On the issue of Pope Benedict'sremarks on Islam, for instance, a plethora of views have been aired doing justice to the subject, not only in editorials but in columns as well. Deccan Herald, interestingly enough carried three columns, one by N.J.Nanporia, a former editor of The Times of India, another by Sunanda K.Datta Ray and a third by a Brazilian theologian and writer, Leonardo Boff. Nanporia raised some significant points. He said that the Pope'saddress was in a way ?an echo of the ?clash of civilisations? theory so naively and conveniently endorsed among others by Bush and his associates.? The writer held that while faith, as the Pope has implicitly emphasised ?is abundant in the Islamic world but glaringly deficient in the West?, ?faith qua faith, irrespective of where it is held does not guarantee non-violence??and important point to remember.
Nanporia pointed out that the Pope'smessage ?was and is addressed in the main to the West, a call for faith, reducing the quote from the 14th century Byzantine emperor to irrelevance.? Sunanda K.Datta Ray went down the corridors of history to pin down Christianity as no less prone to violence as Islam. He pointed out, very rightly, that the ?evil and inhuman methods? Pope Benedict accused Muslims of ?were the regular practice of the inquisition, the tribunal to suppress heresy, and quoted chapter and verse to prove his point. It showed a lot of scholarship.
To be more specific he drew attention to Pope Piux XII's?acquiescence in Nazi atrocities and John Paul II'srefusal to call the American invasion of Iraq a ?just war?. The church, however, he added ?has an edge over Islam? in the sense that ?Catholic apologists can argue that persecution of heretics, Jews and Muslims reflected an age that was bigoted and brutal?. Leonardo Boff, the Brazilian is brutal in his comment on Pope Benedict'sremarks. To him, ?the Pope'sact is a cause of scandal and shame for Christians as well? and the quotation cited by the Pope ?is completely inappropriate?. Boff said that ?the mind of Pope Benedict is still ruled by the doctrine of papal absolutism formulated in 1302 by Boniface VIII which sustains that it is necessary that every human being submit to the Pope to obtain salvation?. Said Boff: ?A Pope can, on his own, make decisions on everything. Meanwhile millions of Catholics together, do not have the authority to make decisions on anything. This absolutism explains why Benedict XVI doesn'twant to ask forgiveness.?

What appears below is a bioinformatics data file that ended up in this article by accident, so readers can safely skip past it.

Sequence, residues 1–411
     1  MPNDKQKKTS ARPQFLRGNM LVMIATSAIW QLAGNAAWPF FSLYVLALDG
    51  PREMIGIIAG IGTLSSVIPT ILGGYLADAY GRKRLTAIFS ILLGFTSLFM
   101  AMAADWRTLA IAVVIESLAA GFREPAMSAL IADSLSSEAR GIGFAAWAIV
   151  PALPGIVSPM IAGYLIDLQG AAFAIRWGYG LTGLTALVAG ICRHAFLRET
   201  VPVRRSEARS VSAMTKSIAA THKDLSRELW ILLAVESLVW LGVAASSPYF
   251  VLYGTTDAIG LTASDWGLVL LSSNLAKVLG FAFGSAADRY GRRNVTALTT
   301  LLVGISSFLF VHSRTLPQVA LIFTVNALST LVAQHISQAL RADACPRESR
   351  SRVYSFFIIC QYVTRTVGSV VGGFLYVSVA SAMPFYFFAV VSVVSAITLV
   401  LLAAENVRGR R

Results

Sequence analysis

However, Boff noted that ?the doctrine of (papal) infallibility is very limited in its application?. What is puzzling is that not many newspapers have really bothered to comment on the Pope'scomment in depth. The New Indian Express (September 15) carried a provocative column by S.Gurumurthy who made this very point. ?But why? he asked, ?are our secularists, Leftists, intellectuals deafeningly silent on this clear and unambiguous declaration by the Pope against Islam and secularism?? The answer is clear. In part it is because of cowardice. No intellectual among our secularists would want to take on either Christianity or Islam lest he be accused of communalism. The fear is so deep that the entire approach is one of letting sleeping dogs lie. Who would want to offend Christians and Muslims when it is safer to keep quiet and let the controversy die on the vine? A exception was The Free Press Journal, which has always been a journal of courage.